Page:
This image of Earth (at left) and the moon (at right) was taken by NASA's Juno spacecraft as part of a checkout of the probe's instruments following launch.
The image was captured by the spacecraft's camera, JunoCam, on Aug. 26, 2011, when the spacecraft was about 6 million miles (9.66 million kilometers) from Earth. JunoCam is a wide-angle camera, designed to acquire color images of Jupiter from very close to the planet.
Following its launch on Aug. 5, 2011, Juno covered the distance from Earth to the moon (about 250,000 miles or 402,000 kilometers) in less than one day's time.
The spacecraft will orbit the planet's poles 33 times and use its science instruments to probe beneath the gas giant's obscuring cloud cover to learn more about its origins, structure, atmosphere and magnetosphere, and look for a potential solid planetary core.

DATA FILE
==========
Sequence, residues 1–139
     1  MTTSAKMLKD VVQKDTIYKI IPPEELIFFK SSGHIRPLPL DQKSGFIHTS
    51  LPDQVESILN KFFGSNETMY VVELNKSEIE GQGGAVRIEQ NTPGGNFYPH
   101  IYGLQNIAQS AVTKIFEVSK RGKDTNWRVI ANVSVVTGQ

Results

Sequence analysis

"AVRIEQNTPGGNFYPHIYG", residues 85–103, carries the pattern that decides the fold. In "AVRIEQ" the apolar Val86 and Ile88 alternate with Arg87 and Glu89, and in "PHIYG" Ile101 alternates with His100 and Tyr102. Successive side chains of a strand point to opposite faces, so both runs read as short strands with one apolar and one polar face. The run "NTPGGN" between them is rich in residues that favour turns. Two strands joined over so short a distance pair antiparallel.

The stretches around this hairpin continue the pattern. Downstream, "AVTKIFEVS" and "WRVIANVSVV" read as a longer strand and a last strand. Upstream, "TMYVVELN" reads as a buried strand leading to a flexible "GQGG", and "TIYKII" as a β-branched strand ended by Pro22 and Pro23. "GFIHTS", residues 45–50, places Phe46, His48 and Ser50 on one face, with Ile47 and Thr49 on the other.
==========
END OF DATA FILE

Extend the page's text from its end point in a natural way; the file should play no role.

NASA's Jet Propulsion Laboratory manages the Juno mission for the principal investigator, Scott Bolton, of Southwest Research Institute in San Antonio. The Juno mission is part of the New Frontiers Program managed at NASA's Marshall Space Flight Center in Huntsville, Ala. Lockheed Martin Space Systems, Denver, built the spacecraft. JPL is a division of the California Institute of Technology in Pasadena.
|Extra Keywords||Atmosphere, Grayscale, Magnetosphere, Visual|
|Date in Caption||2011-08-05||2011-08-26|